Updated at: 24-12-2021 - By: petexpert

As a dog’s owner, it can be difficult to know which fruit is safe for your pet to eat. What is the best way to ensure that dogs can eat cantaloupe? Yes, the delicious cantaloupe is safe for dogs to consume in moderation. It could be a healthier alternative to traditional snacks particularly when your dog is overweight.

The seeds themselves are safe however, you should be cautious about giving them to your pet deliberately, as they can cause choking hazards. Melon that is sweet and juicy is one of the best pleasures of summer. In fruit salads, popsicles and smoothies, we humans enjoy this sweet treat. But is your dog a part of it?

Can dogs eat cantaloupe too? If you’re a fan of healthy vegetables and fruits in your daily diet, you’ll naturally think about whether those food items are suitable for the dog who is always begging you on the weekend BBQ, dining table or counter in the kitchen. If it’s about cantaloupe which is a hydrating and high in fiber, similar to watermelon claim that dogs are allowed to eat cantaloupe!


Is Cantaloupe Good for Dogs?

Cantaloupe is a fantastic source of fiber in the diet Vitamin B6, Vitamin B6, Niacin folate Vitamin A, Vitamin C and potassium. It’s additionally low on calories as well as high in water, which makes it a great method of rehydrating without packing on pounds.

Vitamins A and C offer many health benefits for canines, with the most notable being their function as antioxidants. Antioxidants are essential in the capture of free radicals which slows the process of aging cells and improves the function of cells and could lower the risk of certain ailments.

The high fiber and water content of cantaloupe help assist in healthy digestion and can reduce the development of constipation as well as dehydration.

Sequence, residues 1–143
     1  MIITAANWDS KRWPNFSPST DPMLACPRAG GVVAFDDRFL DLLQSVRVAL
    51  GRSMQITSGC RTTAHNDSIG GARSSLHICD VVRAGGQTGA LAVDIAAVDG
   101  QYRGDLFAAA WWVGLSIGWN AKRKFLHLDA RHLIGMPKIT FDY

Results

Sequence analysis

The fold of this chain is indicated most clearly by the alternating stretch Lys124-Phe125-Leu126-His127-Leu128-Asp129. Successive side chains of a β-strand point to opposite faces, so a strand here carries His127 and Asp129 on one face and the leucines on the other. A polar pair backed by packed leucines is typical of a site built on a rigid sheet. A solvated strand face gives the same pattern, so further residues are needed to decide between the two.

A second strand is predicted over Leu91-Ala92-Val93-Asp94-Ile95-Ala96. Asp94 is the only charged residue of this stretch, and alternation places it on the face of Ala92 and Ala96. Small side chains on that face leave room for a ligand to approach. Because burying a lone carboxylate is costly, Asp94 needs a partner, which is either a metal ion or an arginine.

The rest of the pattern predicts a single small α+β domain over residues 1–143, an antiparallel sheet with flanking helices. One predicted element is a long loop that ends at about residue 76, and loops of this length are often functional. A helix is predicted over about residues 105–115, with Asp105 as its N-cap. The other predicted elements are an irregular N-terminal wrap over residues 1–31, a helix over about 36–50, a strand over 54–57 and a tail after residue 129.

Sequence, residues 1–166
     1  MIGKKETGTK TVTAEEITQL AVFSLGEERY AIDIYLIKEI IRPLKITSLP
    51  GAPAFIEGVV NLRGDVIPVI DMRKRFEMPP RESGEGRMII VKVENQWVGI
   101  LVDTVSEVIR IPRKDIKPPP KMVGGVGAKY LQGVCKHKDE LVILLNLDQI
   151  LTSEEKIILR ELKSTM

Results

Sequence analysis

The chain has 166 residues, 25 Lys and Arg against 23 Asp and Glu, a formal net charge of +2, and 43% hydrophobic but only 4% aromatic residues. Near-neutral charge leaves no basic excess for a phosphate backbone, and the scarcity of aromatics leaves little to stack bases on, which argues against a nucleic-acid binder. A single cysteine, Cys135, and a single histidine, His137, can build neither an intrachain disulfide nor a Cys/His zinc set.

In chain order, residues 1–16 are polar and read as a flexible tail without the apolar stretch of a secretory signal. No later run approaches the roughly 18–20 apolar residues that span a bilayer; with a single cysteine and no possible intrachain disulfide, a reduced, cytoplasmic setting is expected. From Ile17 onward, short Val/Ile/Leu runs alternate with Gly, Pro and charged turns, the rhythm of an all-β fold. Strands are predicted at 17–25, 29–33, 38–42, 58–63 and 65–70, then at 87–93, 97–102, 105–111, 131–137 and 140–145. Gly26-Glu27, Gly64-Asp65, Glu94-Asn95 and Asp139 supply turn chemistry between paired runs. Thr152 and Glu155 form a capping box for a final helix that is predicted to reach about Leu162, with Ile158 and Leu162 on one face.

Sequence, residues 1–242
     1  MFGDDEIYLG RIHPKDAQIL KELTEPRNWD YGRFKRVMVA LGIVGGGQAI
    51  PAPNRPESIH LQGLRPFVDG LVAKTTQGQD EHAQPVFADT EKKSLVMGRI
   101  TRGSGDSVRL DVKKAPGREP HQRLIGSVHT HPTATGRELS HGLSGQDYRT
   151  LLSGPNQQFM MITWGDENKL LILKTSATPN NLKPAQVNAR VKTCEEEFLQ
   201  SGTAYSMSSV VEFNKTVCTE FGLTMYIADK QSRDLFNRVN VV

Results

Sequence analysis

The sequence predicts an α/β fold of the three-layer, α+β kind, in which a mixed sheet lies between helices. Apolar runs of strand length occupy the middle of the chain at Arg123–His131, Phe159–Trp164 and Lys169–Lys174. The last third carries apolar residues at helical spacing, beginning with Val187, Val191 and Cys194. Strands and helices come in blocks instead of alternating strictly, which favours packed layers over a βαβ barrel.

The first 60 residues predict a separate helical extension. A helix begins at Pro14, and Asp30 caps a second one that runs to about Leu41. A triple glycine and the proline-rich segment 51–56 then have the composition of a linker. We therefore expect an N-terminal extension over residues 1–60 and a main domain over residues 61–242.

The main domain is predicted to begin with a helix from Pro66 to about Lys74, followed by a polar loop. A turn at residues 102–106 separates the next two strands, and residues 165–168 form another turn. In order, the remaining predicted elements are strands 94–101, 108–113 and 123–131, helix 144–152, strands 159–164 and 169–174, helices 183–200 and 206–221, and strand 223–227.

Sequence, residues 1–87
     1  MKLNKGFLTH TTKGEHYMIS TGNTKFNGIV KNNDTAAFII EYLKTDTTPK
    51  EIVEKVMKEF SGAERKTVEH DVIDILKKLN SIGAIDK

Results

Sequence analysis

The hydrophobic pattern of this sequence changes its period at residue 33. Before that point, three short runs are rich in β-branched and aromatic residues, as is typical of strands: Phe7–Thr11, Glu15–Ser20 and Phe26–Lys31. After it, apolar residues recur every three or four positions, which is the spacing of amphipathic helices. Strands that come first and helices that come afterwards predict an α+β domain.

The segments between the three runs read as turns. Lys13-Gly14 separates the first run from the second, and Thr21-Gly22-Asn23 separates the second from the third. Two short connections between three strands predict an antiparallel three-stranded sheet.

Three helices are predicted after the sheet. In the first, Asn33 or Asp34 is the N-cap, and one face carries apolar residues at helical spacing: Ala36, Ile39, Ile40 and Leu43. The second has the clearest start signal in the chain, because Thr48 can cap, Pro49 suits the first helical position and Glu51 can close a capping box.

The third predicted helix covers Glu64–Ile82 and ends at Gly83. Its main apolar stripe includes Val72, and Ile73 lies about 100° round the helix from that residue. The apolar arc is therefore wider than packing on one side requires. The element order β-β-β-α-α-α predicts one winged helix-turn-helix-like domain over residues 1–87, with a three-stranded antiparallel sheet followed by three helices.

The Dangers of Eating Cantaloupe

There are some dangers when feeding dogs cantaloupe. Cantaloupe rinds, just like watermelon rinds can cause stomach upset and be the cause of the pet’s digestive tract. The hard, fibrous skins are also a potential choking risk. Like all sweets cantaloupes, they should be eaten in moderate amounts.

A diet that is too sweet added to eating a balanced diet, could result in canine obesity. It is also rich in sugar and could not be a suitable option for diabetic dogs. If you have any questions or concerns regarding eating cantaloupe for your dogs, talk to your vet.


Is Cantaloupe Good or Bad for Dogs?

The most popular advice from the nutrition experts of America for many years, “Eat your fruits and vegetables,” could be equally true for dogs. Although veterinary nutritionists continue to encourage pet owners to choose the right balanced and complete diet for their dogs and give thumbs up to healthy, smart dog treats, as per the board-certified veterinary Nutritionist Sean Delaney, BS, DVM MS DACVN who’s website provides safe and complete recipes for vets.

“Fruits like cantaloupe are a rich source of dietary fiber that support gut health,” Delaney states. “And they provide natural antioxidants that likely fight oxidative damage believed to be a leading cause of aging.” Cantaloupe is sugar-free obviously, but the melon’s composition is 90 percent water, meaning it has a pretty lower glycemic index. It means it has less sugar for every pound and your vet may suggest high-water fruit like cantaloupe in case your dog suffers from weight gain or diabetes.